Today I have just a few titles, each powerfully portraying the discrimination faced and the valor demonstrated by African American and Native American servicemen.
You Can Fly: The Tuskegee Airmen, by Carole Boston Weatherford, illustrated by Jeffrey Boston Weatherford
published in 2016 by Atheneum Books for Young Readers
Weatherford continues to gift us with her powerful free-verse, lifting, carrying us into the African-American experience. This slim volume opens a window onto the discrimination faced by African American pilots and the determined, skillful, brave Tuskegee Airmen who pioneered the way during WWII.
As she leads us along the path from dreaming to training to combat, Weatherford weaves in characters from Eleanor Roosevelt to Joe Louis, peppers us with tidbits of flight instruction and the responsibilities of ground crews and flight crews, and always, always elevates our spirits with the dignity and love of freedom exhibited by these heroes.
Weatherford’s son has illustrated the book with strong, scratchboard pieces full of character and grit. It’s a fascinating, uplifting read for ages 9 and up.
Courage Has No Color: The True Story of the Triple Nickles, America’s First Black Paratroopers, by Tanya Lee Stone
published in 2013 by Candlewick
“What is courage? What is strength?” asks author Tanya Lee Stone. For the Triple Nickles, courage included “being ready to fight for your nation even when your nation isn’t ready to fight for you.”
Racism in the army circa 1943 meant only white men could be paratroopers. First Sergeant Walter Morris’s company of black soldiers was assigned only to guard the parachute school. Although they longed to do their part in the fight, they were considered inferior, incapable of the courage, fortitude, and intelligence required in the army.
In 1944, rules began to change and the 555th, a unit of all black soldiers, began training as paratroopers. Their story, their aggravating, heartbreaking, triumphant story, is one of a devoted, long-suffering, courageous, and dignified group of men who behaved with honor under intense pressure and grievous treatment. It’s painful to read, but immensely important.
With beautifully laid-out pages dominated by high quality black-and-white photos, this is an inviting and engrossing read for ages 12 to adult.
The Port Chicago 50: Disaster, Mutiny, and the Fight for Civil Rights, by Steve Sheinkin
published in 2014 by Roaring Brook Press
As in the Army, racism was rampant in the U.S. Navy including at Port Chicago, located in San Francisco Bay, where black sailors – only black sailors — were assigned the task of loading bombs and ammunition into ships. The officers in charge were all white.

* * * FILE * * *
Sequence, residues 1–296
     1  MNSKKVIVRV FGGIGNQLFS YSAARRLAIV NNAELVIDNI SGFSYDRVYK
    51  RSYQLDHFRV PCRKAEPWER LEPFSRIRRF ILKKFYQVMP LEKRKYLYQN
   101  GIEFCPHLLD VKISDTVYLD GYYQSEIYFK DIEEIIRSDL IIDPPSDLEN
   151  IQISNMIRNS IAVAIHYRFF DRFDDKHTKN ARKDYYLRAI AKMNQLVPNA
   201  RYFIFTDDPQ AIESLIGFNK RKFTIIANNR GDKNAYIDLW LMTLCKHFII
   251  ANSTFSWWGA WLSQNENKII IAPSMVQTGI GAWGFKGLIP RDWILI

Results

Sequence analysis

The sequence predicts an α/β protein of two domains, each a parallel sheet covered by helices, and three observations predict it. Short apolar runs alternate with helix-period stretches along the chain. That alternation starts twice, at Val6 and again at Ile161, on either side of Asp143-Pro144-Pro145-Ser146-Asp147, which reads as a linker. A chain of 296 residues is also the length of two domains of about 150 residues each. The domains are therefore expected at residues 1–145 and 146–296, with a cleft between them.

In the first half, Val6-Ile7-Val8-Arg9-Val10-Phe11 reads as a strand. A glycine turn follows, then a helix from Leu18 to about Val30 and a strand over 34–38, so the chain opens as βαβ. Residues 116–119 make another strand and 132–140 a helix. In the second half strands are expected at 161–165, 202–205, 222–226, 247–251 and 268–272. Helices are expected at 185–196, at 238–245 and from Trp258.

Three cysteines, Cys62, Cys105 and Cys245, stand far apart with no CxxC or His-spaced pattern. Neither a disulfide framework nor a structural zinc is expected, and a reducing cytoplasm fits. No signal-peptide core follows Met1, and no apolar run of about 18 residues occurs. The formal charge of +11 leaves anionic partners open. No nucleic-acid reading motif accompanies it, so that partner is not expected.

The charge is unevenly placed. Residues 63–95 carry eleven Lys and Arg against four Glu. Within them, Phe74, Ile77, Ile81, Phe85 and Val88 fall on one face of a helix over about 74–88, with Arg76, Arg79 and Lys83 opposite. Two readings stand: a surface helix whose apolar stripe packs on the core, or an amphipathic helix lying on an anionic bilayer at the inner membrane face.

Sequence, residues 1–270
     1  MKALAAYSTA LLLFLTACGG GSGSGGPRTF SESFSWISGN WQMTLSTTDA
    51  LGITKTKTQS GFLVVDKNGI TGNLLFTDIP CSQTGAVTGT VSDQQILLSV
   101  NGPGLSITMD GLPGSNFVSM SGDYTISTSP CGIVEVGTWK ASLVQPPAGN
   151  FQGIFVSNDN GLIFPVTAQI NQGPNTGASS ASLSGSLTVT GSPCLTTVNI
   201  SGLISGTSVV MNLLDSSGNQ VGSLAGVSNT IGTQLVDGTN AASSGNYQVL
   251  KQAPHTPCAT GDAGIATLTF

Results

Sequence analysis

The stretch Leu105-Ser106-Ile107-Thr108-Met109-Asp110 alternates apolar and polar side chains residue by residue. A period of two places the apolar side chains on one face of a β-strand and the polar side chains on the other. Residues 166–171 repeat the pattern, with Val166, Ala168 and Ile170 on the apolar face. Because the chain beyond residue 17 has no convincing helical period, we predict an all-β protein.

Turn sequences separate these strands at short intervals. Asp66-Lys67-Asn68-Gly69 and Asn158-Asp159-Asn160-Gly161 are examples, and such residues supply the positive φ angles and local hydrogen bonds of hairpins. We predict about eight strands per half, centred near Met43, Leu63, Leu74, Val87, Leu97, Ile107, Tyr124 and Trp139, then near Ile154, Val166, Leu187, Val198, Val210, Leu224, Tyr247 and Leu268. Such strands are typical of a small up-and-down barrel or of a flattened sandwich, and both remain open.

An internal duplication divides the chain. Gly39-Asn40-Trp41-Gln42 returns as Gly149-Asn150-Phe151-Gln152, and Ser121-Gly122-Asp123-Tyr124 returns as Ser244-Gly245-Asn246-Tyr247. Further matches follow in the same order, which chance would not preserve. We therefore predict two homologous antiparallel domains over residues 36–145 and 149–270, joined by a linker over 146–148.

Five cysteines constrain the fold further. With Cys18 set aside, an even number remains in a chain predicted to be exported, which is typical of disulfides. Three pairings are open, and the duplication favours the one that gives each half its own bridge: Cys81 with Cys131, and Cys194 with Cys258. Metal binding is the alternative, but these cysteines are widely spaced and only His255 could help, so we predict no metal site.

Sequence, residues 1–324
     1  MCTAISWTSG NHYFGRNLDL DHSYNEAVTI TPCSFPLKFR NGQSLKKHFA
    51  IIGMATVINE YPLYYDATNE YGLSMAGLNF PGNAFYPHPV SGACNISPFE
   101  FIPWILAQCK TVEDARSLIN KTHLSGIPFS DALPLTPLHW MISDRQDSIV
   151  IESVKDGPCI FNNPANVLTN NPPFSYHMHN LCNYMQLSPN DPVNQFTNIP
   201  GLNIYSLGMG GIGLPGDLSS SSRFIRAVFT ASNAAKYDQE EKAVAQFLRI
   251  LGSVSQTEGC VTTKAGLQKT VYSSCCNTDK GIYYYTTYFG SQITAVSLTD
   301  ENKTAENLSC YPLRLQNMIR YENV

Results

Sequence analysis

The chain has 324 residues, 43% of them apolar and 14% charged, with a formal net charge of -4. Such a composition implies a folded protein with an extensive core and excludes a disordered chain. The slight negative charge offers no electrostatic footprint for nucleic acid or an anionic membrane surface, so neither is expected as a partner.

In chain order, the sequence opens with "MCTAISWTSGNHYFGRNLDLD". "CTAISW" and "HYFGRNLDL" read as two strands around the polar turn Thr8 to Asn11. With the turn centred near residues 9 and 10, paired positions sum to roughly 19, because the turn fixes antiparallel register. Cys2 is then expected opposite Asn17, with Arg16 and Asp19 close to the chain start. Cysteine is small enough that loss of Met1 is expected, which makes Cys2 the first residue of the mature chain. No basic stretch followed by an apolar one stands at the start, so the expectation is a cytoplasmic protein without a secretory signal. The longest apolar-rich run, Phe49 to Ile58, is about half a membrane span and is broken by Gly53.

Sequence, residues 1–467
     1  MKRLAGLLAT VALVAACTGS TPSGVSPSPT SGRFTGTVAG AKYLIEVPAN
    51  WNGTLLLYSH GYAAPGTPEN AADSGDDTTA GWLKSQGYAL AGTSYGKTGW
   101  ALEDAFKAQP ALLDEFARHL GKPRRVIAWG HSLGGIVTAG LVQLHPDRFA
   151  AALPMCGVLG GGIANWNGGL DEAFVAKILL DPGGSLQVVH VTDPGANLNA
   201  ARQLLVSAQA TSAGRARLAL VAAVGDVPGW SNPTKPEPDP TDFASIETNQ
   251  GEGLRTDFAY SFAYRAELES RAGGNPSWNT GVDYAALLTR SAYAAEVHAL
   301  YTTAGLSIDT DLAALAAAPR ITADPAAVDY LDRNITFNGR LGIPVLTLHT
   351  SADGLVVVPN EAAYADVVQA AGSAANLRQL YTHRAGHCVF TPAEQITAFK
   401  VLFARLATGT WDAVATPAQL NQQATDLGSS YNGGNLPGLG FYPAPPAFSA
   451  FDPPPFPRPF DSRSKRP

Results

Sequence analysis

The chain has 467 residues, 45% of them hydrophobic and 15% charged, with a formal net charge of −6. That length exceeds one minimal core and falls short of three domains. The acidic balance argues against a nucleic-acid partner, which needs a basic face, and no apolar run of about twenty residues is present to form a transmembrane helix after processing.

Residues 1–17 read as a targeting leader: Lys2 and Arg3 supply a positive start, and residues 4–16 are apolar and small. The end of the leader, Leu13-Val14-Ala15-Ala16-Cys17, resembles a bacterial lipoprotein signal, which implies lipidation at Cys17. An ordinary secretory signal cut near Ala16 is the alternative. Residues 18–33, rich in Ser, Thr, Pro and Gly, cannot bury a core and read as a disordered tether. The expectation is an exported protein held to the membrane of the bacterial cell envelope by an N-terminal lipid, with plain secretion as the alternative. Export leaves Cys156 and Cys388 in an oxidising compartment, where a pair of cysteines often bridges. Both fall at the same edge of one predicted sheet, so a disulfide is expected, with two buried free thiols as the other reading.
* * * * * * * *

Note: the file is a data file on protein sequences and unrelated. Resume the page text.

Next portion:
One day, a massive explosion in the port killed 320 servicemen, injuring hundreds of others. Despite this, and despite earnest protestations from the black sailors of numerous unsafe working conditions, a deplorable lack of training, and reckless protocols, the men were ordered to return to work. Over 200 of them refused. 50 were charged with mutiny.
Award-winning author Steve Sheinkin walks us through this case with the finesse and feel of NPR’s Serial podcast. Meet the men, listen to the varying accounts, size up the evidence against them and against their superiors, in this dramatic, unsettling account. Troubling and fascinating, for ages 14 to adult.
The Navajo Code Talkers, written by J. Patrick Lewis, illustrated by Gary Kelley
published in 2016 by Creative Editions
Despite their gross mistreatment by the U.S. Government, including the merciless Long Walk and the forced enrollment of children in harsh boarding schools where they were punished for speaking their mother tongue, the Navajo people suddenly became an important asset to our military during World War II.
The very language the government had sought to stamp out — the beautiful, complex, enormously difficult Navajo language — appeared to be our nation’s best hope in developing an uncrackable code for use in the Pacific theater.
This stunning book briefly narrates this irony. A dash of history, a fascinating glimpse of the language itself, the brilliant code created by the Navajo speakers, and some snapshots of several key Pacific battles, are all accompanied by Kelly’s magnificent artwork. Immensely strong, compelling figures and scenes dominate these pages. Really gorgeous.
I learned via the Endnotes that a number of code talkers from other Native nations also served in WWII. I have previously only heard of the Navajo in this regard. I would be interested in learning more about that. Though the text is minimal, its challenging vocabulary and concepts make it best suited to ages 8 and up.